A few weeks ago, we posted part one of our thirty interview questions and how to answer them. Today we are bringing you the second instalment, and we are focusing on some specific interview questions.
Knowing how to answer interview questions is essential when applying for jobs. It’s essential to think about your own work experience, skills and strengths in the context of an interview before you go into one. It can be hard on the spot to know how to talk about yourself, and this can sometimes feel unnatural.
We have also included a few questions directly related to career changers and those returning to work after a period of absence. We know this can be a difficult thing to talk about in interviews.
Common Interview Questions
What did you learn from your previous career?
This is a question for those who are interviewing for a career-change role. It’s a good idea to prepare yourself for talking about changing your career in case it comes up. Try always to frame your experience in a positive light, and think about what you learnt from it, even if it wasn’t right for you. When answering this question, try to focus on skills or knowledge you can transfer to your new role.
What didn’t you enjoy about your previous career?
It can be challenging to talk about the negative experiences in a job or career in a professional setting. But try to be honest and show them that the reasons you didn’t enjoy are the reasons you are looking for a new challenge. Maybe you felt you had accomplished all you could in that industry, or as you got older, your values and priorities have changed.
Are you a good leader? Tell us about a time when you showed excellent leadership skills.
You don’t have to be the loudest or most confident person in a room to be a good leader. Sometimes the best leaders are those who listen carefully to others and make considered choices before acting. If you don’t always enjoy leading, you can say this but show that you are working on those skills and look forward to being given the opportunity to try. When giving an example of good leadership, remember to explain the outcome of your actions, not just what you did.
Tell us about a time you showed good communication.
Good communication can be both written and verbal, and you can give an example of either. Remember to use the STAR method we discussed in the last article to show the interviewer exactly what the scenario was, how you acted and the outcome. Some good examples include working in a large team and communicating with others, or writing a weekly article for a website.
Where do you see your career in 5 years?
This question helps to show an interviewer that you are driven and ambitious. It doesn’t matter if you don’t have super clear goals. You want to show them that you are up for a challenge and drive to achieve things. Focus on realistic ambitions and try to be as truthful as possible; an interviewer will appreciate it if you try to show them how you will reach those goals.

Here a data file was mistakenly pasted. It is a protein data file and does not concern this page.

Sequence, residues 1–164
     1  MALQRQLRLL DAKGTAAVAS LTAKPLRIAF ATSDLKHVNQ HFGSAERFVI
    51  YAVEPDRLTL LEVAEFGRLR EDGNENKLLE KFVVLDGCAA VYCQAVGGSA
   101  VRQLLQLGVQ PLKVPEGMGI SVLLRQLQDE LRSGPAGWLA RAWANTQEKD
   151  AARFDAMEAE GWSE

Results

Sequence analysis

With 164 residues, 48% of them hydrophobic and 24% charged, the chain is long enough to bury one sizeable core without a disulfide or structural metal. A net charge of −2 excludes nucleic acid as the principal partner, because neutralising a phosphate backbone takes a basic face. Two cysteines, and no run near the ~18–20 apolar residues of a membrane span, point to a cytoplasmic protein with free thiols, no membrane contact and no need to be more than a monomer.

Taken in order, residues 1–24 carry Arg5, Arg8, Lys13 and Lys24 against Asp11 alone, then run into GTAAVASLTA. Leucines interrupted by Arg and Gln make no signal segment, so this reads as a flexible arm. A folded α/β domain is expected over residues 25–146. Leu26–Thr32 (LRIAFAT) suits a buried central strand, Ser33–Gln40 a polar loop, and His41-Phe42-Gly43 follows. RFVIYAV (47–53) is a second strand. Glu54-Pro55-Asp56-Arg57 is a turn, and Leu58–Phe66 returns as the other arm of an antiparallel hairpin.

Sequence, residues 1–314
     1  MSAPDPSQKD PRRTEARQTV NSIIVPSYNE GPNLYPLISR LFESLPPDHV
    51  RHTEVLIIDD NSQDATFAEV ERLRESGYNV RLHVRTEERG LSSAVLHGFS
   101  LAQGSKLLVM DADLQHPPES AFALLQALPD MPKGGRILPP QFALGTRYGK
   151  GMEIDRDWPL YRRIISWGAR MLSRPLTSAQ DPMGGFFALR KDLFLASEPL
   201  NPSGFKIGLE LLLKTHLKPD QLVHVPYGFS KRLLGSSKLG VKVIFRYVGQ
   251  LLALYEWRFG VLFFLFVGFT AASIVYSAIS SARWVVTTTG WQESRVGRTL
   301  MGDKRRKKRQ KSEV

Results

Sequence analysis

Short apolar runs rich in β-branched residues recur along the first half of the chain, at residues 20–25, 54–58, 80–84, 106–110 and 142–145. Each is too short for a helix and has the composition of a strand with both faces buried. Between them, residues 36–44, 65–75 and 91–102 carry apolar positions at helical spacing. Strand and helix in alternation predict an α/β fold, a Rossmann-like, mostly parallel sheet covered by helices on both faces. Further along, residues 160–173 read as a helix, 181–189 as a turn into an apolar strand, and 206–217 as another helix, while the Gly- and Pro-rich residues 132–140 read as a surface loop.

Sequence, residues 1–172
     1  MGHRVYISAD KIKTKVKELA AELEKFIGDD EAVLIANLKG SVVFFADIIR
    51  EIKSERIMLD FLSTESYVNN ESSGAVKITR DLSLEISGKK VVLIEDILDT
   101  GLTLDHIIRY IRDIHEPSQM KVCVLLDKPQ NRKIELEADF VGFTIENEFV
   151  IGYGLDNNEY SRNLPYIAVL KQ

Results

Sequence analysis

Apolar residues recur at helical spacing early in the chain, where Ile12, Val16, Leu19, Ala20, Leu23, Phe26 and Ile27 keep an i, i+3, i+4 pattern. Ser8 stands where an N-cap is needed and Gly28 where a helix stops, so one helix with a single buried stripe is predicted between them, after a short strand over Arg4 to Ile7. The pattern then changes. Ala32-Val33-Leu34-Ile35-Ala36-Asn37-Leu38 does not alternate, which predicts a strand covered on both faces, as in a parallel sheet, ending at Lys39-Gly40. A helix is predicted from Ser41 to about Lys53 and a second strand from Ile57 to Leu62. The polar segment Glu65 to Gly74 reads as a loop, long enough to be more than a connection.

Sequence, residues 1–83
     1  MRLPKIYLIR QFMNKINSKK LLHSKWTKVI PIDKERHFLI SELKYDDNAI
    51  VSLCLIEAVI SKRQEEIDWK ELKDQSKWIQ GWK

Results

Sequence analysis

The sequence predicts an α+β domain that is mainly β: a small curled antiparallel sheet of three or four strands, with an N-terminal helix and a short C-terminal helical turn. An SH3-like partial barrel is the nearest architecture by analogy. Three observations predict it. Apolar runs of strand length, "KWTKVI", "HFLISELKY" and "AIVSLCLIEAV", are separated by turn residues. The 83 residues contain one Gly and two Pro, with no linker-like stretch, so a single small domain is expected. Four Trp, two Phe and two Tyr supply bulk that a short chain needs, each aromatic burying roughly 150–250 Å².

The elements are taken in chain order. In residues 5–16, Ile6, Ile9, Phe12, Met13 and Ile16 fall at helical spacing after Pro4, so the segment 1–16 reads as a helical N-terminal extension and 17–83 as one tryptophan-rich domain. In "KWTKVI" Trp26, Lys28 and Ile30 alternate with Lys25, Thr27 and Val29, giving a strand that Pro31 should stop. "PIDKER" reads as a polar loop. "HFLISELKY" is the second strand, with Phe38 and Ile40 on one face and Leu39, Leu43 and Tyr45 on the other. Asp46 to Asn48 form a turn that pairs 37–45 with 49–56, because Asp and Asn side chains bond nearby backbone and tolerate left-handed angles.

Why are you leaving your current job?
Don’t focus on the negatives of that job and why you want to leave; instead, focus on the positives of a new job and why you want to move forward. This might be because you want to progress your career or focus on a more specific part of the industry. Embracing change is a great thing, and you should try and show this to the interviewer.
What can you bring to the role that others can’t?
For this question, make sure to stay focused on yourself and not on others and other candidates. Talk to them about your strengths and what you have brought to other roles you have had in the past. Show them what you see as your greatest asset and, most notably, how it can apply to this role and company.
What did you learn in your period out of work?
Any period out of work shouldn’t be dismissed as just a time where you weren’t learning or developing. Try to frame your experiences, whatever they are, into a positive learning experience. For example, if you took time out to raise your children, consider all the new skills and knowledge you have learnt. Or, if you have been made redundant, you could describe the resilience that this help to build.
What do you like about our business?
This links to some of the questions we discussed in the last article, focusing on researching the company or organisation you are interviewing for. Make sure to pick out some specific details about the business and explain why you like it and why you want to work there. This could be anything from the company culture, how they engage with customers, or even their mission and history.
Describe a time you were disappointed in your work.
Make sure to pick out a specific example to clearly describe and show why you were disappointed in what you did or produced. It’s helpful to accompany this with what you learnt, showing them that you could reflect on this experience and move on from it. The interviewer will want to see that you can understand where you made a mistake and what actions you took, which lead to you being disappointed.
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